Recommended Viewingby Selvedge Team
Image credit: Archive Photos/Archive Photos/Getty Images
As we stumble through another week of lockdown (in the UK at least) and restricted social lives everywhere, we wanted to share the books and films that keep the Selvedge team’s spirits up. Yesterday we offered our reading list and today we offer our watching list. We hope you enjoy these too and find something new and diverting. Let us know of any films or TV shows you think other textile lovers would enjoy via the comments.
Valentino, the Last Emperor (Pamela, Brand Collaborations). A 2008 documentary film about the life of Valentino Garavani. It was produced and directed by Matt Tyrnauer, Special Correspondent for Vanity Fair magazine. The film is an exploration of the singular world of one of Italy's most famous men, Valentino Garavani.
True Cost (Laura, Features Editor). This 2015 documentary firmly knocks on the head any ideas one might have about the glamour of the fashion industry; fast fashion is a dirty business. A compelling and eye-opening watch, it's essential viewing for anyone who wants to understand more about the threads that bind fashion, big business and poverty. You'll never shop in the same way again.
The Dressmaker (Hester, Customer Service). Even if you're not into fabulous dresses, it's got Liam Hemsworth in it...so something for everyone. Kate Winslet is a fabulous dressmaker in this 2015 Australian revenge comedy-drama written and directed by Jocelyn Moorhouse, based on the 2000 novel of the same name by Rosalie Ham.
Belle (Ronja, Special Projects). Belle is a 2013 British period drama film directed by Amma Asante based loosely on real life events which took place in London's Kenwood House in Hampstead Heath.
BFI textile films collection (Polly, Founder). The BFI has a charming collection of short films (between 5-30 mins) mostly from the first half of the 20th century about the golden age of British textile manufacture. I love them for their period charm and the often quite low-tech processes that were used until relatively recently. Similar films can be viewed at www.britishpathe.com.
Moonrise Kingdom (Polly, Founder). There must be a Wes Anderson film on our list for the styling and the extraordinary quirky vision. I have long been fascinated by America; I love the way objects define personality and tell the story.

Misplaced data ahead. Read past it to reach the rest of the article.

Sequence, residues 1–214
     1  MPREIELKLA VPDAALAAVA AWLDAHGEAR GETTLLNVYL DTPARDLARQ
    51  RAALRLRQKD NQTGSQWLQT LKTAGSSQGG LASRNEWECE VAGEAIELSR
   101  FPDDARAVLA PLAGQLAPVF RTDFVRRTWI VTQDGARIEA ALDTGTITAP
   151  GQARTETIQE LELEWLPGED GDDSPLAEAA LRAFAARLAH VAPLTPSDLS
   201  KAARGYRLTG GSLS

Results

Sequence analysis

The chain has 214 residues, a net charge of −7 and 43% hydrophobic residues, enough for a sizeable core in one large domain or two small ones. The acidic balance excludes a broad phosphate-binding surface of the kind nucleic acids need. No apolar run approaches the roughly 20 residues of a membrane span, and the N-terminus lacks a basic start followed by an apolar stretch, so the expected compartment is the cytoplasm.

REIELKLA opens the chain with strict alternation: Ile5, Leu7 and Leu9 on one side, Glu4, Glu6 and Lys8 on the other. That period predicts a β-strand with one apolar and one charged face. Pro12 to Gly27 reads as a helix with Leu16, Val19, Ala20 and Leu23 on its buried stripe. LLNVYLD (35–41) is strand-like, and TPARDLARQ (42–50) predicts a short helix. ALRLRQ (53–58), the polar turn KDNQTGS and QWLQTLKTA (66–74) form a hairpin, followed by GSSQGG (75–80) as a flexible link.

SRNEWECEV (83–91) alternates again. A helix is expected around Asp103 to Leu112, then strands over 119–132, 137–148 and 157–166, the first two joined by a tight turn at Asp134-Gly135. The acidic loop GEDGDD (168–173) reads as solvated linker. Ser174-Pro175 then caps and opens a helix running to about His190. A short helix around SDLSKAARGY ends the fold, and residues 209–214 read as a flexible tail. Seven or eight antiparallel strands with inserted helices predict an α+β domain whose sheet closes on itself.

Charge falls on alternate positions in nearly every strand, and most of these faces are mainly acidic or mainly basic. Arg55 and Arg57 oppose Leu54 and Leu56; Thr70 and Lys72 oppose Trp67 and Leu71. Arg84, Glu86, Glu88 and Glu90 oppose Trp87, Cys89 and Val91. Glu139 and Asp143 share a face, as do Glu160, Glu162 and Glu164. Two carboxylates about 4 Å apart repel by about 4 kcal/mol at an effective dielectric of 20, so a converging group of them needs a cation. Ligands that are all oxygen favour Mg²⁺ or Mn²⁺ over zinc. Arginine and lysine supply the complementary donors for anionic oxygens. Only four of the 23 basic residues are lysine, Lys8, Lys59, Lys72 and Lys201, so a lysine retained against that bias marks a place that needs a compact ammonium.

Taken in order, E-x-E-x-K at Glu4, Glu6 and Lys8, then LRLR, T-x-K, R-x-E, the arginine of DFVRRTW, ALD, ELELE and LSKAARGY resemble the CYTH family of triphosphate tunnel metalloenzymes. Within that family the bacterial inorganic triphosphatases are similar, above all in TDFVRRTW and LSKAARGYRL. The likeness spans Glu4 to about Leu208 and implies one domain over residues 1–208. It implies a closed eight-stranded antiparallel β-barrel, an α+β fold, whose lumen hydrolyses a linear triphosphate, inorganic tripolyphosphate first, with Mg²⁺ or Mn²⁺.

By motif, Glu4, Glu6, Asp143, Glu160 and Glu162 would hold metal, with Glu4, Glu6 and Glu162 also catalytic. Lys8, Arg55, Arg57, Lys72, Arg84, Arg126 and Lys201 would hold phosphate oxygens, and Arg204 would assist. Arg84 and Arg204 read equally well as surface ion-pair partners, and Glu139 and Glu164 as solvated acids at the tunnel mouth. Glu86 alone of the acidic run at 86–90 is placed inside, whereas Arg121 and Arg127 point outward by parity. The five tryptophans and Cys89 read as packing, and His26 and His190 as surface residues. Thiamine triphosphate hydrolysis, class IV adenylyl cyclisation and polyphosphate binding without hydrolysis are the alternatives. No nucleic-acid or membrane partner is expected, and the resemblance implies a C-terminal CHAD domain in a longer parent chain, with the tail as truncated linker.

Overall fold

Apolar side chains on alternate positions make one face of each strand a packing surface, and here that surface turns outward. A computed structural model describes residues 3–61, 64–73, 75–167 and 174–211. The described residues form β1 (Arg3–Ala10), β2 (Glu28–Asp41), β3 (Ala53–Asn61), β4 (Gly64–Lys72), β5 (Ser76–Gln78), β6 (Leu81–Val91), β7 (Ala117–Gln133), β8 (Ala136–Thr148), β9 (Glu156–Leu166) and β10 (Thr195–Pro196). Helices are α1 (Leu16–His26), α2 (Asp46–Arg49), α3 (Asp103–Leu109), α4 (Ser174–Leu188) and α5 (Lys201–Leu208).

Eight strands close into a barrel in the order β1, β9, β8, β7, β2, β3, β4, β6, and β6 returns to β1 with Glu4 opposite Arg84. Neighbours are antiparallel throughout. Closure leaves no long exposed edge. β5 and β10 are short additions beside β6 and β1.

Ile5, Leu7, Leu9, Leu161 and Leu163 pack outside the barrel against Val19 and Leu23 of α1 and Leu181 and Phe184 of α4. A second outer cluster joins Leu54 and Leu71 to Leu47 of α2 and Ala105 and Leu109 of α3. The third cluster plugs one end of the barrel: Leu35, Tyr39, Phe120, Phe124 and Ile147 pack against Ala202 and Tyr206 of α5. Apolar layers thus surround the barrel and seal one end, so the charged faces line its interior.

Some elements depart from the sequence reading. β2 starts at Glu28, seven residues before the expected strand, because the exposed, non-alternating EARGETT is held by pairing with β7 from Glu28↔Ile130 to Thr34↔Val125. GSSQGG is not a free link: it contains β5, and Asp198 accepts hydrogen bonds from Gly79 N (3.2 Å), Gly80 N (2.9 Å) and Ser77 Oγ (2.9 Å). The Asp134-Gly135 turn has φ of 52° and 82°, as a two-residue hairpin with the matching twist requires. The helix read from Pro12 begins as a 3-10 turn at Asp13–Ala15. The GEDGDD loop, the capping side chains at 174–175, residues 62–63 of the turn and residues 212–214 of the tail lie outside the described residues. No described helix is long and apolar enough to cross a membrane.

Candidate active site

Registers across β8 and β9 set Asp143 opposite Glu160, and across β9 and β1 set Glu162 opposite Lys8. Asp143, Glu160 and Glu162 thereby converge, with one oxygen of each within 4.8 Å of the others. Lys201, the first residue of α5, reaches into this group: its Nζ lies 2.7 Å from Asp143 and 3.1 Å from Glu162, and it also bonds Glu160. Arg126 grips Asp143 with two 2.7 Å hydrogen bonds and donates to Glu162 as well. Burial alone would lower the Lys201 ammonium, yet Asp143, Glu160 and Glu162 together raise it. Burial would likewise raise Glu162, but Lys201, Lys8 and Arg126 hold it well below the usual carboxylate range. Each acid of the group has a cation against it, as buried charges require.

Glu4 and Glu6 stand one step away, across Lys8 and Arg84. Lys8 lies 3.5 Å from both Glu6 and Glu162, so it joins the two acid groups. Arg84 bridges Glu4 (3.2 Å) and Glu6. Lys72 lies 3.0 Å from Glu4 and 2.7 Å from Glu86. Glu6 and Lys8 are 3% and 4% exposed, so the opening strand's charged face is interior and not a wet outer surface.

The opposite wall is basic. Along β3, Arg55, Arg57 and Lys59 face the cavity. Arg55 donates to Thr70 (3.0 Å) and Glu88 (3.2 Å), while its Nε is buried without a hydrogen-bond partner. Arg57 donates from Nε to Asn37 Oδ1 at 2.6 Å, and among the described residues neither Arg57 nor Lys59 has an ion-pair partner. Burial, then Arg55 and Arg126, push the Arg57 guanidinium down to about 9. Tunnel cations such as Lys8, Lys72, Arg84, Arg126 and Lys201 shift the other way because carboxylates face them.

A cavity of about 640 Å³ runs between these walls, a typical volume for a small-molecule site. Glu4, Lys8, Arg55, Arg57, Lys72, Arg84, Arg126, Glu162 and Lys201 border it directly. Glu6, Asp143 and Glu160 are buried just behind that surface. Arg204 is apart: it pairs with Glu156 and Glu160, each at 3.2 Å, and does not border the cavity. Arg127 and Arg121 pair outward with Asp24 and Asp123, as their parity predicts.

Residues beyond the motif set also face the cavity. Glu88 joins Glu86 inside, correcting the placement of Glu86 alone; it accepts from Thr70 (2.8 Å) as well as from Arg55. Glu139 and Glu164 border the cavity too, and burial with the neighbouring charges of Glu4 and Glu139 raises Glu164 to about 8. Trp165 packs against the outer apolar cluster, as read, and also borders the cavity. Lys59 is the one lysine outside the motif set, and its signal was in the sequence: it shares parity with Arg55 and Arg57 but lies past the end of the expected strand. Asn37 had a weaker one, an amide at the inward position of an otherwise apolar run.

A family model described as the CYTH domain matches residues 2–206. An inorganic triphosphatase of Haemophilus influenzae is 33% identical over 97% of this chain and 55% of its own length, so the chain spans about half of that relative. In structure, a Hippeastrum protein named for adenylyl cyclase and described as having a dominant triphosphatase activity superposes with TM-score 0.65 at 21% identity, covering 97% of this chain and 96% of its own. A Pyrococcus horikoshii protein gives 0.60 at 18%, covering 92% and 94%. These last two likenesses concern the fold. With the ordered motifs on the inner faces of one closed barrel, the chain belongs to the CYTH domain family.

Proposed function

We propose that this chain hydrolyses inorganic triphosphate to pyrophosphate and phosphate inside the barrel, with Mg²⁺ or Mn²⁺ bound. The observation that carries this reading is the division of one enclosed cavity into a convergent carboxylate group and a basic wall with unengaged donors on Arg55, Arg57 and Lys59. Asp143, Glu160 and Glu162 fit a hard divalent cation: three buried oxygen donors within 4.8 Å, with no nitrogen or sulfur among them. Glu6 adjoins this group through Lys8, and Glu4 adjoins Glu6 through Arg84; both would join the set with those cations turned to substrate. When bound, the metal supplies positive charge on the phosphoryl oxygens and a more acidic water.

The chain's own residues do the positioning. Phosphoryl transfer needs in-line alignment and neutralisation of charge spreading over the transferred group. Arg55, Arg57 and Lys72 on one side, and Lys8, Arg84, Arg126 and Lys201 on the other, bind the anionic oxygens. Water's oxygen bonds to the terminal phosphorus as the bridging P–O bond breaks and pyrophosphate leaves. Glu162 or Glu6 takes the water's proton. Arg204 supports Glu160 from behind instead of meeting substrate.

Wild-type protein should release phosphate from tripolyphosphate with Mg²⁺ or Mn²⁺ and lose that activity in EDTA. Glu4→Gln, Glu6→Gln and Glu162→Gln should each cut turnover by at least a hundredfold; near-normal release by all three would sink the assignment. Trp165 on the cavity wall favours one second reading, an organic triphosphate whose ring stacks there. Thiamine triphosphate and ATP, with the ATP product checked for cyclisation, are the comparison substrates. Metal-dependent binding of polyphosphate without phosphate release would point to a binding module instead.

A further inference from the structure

Phantom Thread (Kate, Blog Editor). A multi Oscar-winning gothic romance with Daniel Day-Lewis, Phantom Thread is set in the glamour of 1950’s post-war London. Renowned dressmaker Reynolds Woodcock (Day-Lewis) and his sister Cyril (Lesley Manville) are at the centre of British fashion, running The House of Woodcock. Alma (Vicky Krieps) finds an unexpected way to keep Reynolds’ ego in check.
Yellow is Forbidden (Catherine, Events). Recognition from Paris’s Chambre Syndicale de la Haute Couture is considered the apex of the fashion industry, and Chinese designer Guo Pei is determined to reach it. This documentary follows Pei’s journey to acceptance. We featured Pei’s 2008 collection, An Amazing Journey in a Childhood Dream in Issue 91: Luxe.
Game of Thrones (Minna, Orders). If you haven’t watched it yet, there’s no better time to start an addictive series with 73 episodes and incredible costumes by Michele Clapton. The challenge may be to have escaped knowing the plot and ending already, as it’s such a giant of popular culture.
Image credit: Macall B. Polay/HBO.
The Vicar of Dibley, Series Two, Love and Marriage (Kate, Blog Editor). The 1990s Dawn French-led comedy is currently available on Netflix. This episode in particular is a joy of silliness and eccentric dressing. Watch for the planning of Alice’s wedding dress and a blouse made from upcycled curtains complete with sleeve pulleys.